Four groups of Korean artists will perform at this year’s Adelaide Fringe Festival, one of the world's largest annual arts festivals, which starts on Thursday and runs until March 19.
Held in Adelaide, Australia, the festival of performing arts draws more than 6,000 artists from around the globe. Around 2.7 million visitors enjoyed the festival in 2019.
Two plays, one gugak musical and one stand-up comedy routine, are scheduled as part of the “Korean Season” segment of the festival, at The Arts Theatre in Adelaide from March 7-18. This is the first time Korean art performances will be staged at the festival.
The plays and musical will be performed in Korean with English subtitles, while the stand-up comedy will be delivered in English.
The three-person physical theater “Hello, the Hell: Othello” by the creative team Jakhwa depicts the stories of three characters in Shakespeare’s “Othello.”
Set in the afterlife, Othello, who killed Desdemona, is living in a hell where he is punished with relentless nightmares. Iago is also punished for his crimes of the past, when one day, Iago realizes how to escape from the nightmare.
The play premiered in Seoul in April 2022. The cast includes actors Song Jae-hee and Choi Woong as Othello; Cha Seon-woo, also known as Baro from K-pop group B1A4, and Han Sang-hyuk from VIXX as Iago; and Lim Na-young from the now-disbanded project girl group I.O.I as Desdemona.
This is Cha and Lim’s theatrical debut.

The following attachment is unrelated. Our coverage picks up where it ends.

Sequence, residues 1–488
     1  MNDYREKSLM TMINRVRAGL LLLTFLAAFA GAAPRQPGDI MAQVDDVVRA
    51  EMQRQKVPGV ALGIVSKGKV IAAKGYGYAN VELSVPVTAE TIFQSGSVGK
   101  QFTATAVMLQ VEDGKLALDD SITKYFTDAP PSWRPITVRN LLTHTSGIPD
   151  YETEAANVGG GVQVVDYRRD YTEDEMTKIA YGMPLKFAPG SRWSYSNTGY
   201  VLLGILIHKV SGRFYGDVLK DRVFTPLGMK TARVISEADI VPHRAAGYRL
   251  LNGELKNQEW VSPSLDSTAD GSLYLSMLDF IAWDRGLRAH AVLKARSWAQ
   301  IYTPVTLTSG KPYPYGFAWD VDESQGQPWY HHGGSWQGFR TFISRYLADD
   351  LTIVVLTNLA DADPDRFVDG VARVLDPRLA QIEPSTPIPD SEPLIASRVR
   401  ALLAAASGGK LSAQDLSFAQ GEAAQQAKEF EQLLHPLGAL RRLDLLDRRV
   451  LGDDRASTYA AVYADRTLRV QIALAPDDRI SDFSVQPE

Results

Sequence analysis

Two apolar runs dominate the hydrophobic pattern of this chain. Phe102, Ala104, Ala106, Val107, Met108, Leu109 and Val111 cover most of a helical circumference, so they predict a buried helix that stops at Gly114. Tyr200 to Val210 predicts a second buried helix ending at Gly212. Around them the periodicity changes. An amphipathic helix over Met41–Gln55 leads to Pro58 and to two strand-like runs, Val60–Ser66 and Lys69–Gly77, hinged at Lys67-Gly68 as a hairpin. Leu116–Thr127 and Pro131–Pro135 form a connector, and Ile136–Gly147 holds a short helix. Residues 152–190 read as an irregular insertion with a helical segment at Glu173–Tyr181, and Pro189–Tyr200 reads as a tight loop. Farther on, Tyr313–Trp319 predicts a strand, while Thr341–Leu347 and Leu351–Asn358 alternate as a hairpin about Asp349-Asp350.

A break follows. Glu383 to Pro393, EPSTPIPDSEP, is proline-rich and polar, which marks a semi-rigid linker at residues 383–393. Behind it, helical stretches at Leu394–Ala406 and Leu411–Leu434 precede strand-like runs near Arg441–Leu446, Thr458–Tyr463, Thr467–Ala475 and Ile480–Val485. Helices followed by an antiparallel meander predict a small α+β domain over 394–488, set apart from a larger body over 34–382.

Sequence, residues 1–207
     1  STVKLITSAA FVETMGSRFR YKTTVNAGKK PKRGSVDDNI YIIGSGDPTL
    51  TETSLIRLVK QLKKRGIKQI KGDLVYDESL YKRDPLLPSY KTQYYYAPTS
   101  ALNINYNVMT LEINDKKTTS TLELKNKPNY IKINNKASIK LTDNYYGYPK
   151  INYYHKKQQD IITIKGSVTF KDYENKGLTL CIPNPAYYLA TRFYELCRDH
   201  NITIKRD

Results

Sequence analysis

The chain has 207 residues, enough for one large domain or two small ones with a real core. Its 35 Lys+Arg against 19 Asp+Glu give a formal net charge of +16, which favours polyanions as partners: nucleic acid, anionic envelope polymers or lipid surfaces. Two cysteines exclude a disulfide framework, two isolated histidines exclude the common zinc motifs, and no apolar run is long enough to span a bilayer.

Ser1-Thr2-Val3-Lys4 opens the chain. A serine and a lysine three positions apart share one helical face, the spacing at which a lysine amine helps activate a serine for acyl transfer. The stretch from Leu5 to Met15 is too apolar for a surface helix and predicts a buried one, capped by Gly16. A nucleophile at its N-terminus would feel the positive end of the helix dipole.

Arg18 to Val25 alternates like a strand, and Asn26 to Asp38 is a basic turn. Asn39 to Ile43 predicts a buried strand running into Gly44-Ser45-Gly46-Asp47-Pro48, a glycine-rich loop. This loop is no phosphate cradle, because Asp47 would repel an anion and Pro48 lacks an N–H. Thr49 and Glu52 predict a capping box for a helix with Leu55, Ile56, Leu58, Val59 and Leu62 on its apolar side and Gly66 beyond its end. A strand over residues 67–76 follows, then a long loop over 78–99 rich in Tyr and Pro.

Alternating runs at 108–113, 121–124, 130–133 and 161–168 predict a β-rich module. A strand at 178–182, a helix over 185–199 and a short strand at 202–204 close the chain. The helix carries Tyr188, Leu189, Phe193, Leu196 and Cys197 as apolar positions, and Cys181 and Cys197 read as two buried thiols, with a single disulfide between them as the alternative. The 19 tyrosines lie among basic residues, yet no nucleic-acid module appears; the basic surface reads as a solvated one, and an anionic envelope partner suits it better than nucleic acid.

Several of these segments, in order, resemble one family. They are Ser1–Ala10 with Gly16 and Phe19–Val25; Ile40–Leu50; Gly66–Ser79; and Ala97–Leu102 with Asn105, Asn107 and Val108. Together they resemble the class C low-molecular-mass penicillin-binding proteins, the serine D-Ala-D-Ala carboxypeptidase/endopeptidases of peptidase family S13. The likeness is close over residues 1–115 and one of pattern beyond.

“The movements are based on modern dances. We are thinking a lot about how to convey the messages and emotions through dance and body movements,” said Cha during a press conference held in Mapo-gu, Seoul, Thursday.
Another play, “Black and White Tea Room” by Theatre Hooam, focuses on the relationship between a perpetrator and his victim living during the democracy movement in Korea in the 1980s.
The acclaimed play centers around a former police officer-turned-counselor and his client. Soon it becomes clear the two have met before in less than friendly circumstances.
The historical play has been performed in the US, UK and Japan in local languages including at the Edinburgh Fringe Festival in 2018 and 2019.
“Although it is about the specific history of democratization in Korea, the emotions and impressions conveyed by artistic performance and universal,” said director and scriptwriter Cha Hyun-suk.
Director Cha also plays the counselor. Cha added that the Adelaide show will be performed in Korean.
“I don't think there has ever been as many requests for Korean shows as there are now,” he said. “Of course, the translation has been edited over time to hit the right notes.”
The gugak musical, “Ari Arari,” by the Jeongseon Arirang Culture Foundation reinterprets the tale of Jeongseon Arirang with a modern touch on the story and the music, adding traditional elements here and there.
The story follows a skilled woodchopper who leaves his family in Jeongseon, Gangwon Province, to participate in the remodeling of Gyeongbokgung. However, his trip goes awry when he squanders his money through gambling. Fifteen years later, his daughter, Ari, leaves for Hanyang to find her father.
The show premiered as a part of the opening ceremony for the PyeongChang 2018 Winter Olympics.
The troupe's members were confident that they could overcome the language barrier by communicating directly to global audience members’ hearts.
Kokoon, a five-member comedy act who debuted in 2018 on tvN’s comedy show “Comedy Big League,” will perform an hourlong stand-up comedy routine, incorporating singing, dancing and rapping.
The entire routine will be in English, and there will also be time for Kokoon members to interact with the audience.
Detailed schedules for each performance are available via Adelaide Fringe’s official website.